This also brings up a secondary question, assuming the decision is to support anonymous users. Should the system allow people to add an arbitrary name to their report / comment or should they just be listed as "by anonymous"?
- A question of simplicity of use: The main argument for anonymous users is obviously the simplicity of use. One of the key points of the notes system is to make it as simple as possible for people to contribute their local knowledge even if they find actually editing OSM data to challenging or daunting and don't want to put in the effort to learn the complexities of OSM and its tagging schemata. Adding a signup / login process before being able to contribute valuable knowledge might be too high of a hurdle, scaring away people who might other wise contribute.
- A question of third party use: A number of third party sites using data and showing maps of OSM have included interfaces to add "report a problem" links to the old OpenStreetBugs. It would obviously be encouraged to do the same again with the new system. However, how would a login requirement to OSM interact with this third party use of OSM (whereby third party might be an editor like JOSM)? On the one hand it would probably make implementing this on third party sites more complicated as the site would possibly have to implement something like OAuth to osm.org. On the other hand it might increase the awareness of users of what osm is and what they are actually commenting on. For example one major flaw with the other wise nicely done bug reporting system of the navigation app Skobbler (MapDust) was the far to low signal to noise ratio. Quite a number of reports were of the form that e.g sound in skobbler didn't work or other software interface issues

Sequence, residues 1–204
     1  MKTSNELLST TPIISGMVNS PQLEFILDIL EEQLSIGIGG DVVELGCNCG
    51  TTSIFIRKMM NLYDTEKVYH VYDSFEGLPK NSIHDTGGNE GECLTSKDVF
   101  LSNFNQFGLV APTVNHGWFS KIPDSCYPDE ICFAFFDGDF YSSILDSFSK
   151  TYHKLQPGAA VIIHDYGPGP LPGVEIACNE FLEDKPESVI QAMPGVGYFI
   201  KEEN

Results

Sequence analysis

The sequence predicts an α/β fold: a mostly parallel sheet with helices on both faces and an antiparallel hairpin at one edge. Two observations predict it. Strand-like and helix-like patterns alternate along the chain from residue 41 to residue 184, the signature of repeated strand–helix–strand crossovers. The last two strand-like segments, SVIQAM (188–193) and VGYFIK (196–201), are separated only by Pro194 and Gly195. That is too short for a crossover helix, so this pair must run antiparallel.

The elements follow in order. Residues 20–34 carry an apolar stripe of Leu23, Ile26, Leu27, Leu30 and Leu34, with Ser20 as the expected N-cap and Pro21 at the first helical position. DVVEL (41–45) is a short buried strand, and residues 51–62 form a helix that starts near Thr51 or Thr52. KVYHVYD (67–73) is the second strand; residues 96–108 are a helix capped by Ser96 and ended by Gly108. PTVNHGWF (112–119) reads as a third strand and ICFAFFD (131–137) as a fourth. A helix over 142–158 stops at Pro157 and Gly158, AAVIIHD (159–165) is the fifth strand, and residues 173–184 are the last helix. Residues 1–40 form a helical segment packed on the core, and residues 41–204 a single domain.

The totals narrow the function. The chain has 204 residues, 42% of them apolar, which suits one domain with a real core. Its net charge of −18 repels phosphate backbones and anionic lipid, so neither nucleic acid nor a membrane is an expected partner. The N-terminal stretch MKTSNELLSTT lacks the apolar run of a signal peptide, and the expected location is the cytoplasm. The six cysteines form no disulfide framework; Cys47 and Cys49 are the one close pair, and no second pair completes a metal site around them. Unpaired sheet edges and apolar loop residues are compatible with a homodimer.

that had nothing to do with OSM's map quality data. Will requiring a signup to an openstreetmap account help educate people about what OSM is if they click the "report a bug" link on some unrelated third party site?
- A question of capacity: From a more practical point of view, some have raised the issue of whether the mapping community has the capacity to deal with a larger influx of bug reports. If a lot more reports get submitted than the community can deal with, the notes system will perhaps cause more frustration than actually help solve problems. Requiring a log-in (at least initially until the capacity of the system and community is better understood) might reduce the volume to more manageable levels and favor those committed enough to be willing to sign up to an account, increasing the chance of providing enough information to solve the bug. But that is somewhat speculative at the moment.
As I am sure the discussion will show, there are many more pro and contra points for anonymous notes. But perhaps the more important point is to come to a workable conclusion to be able move forward on finally deploying the notes branch and not let the perfect be the enemy of the good. After all things aren't set in stone in the first iteration of deployment.